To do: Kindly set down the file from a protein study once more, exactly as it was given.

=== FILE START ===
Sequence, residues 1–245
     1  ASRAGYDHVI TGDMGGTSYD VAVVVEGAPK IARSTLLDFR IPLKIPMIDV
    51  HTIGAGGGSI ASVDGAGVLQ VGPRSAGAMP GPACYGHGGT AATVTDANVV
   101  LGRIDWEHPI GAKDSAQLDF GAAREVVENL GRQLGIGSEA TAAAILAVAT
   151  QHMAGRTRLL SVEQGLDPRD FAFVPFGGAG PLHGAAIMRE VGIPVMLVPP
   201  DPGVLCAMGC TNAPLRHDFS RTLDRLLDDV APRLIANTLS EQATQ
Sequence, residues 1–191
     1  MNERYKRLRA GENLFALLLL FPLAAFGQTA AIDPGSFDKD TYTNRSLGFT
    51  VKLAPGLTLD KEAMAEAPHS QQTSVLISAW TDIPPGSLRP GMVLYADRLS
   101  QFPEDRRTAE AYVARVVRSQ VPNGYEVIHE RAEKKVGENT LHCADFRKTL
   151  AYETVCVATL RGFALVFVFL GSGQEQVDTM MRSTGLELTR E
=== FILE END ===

Sequence, residues 1–245
     1  ASRAGYDHVI TGDMGGTSYD VAVVVEGAPK IARSTLLDFR IPLKIPMIDV
    51  HTIGAGGGSI ASVDGAGVLQ VGPRSAGAMP GPACYGHGGT AATVTDANVV
   101  LGRIDWEHPI GAKDSAQLDF GAAREVVENL GRQLGIGSEA TAAAILAVAT
   151  QHMAGRTRLL SVEQGLDPRD FAFVPFGGAG PLHGAAIMRE VGIPVMLVPP
   201  DPGVLCAMGC TNAPLRHDFS RTLDRLLDDV APRLIANTLS EQATQ
Sequence, residues 1–191
     1  MNERYKRLRA GENLFALLLL FPLAAFGQTA AIDPGSFDKD TYTNRSLGFT
    51  VKLAPGLTLD KEAMAEAPHS QQTSVLISAW TDIPPGSLRP GMVLYADRLS
   101  QFPEDRRTAE AYVARVVRSQ VPNGYEVIHE RAEKKVGENT LHCADFRKTL
   151  AYETVCVATL RGFALVFVFL GSGQEQVDTM MRSTGLELTR E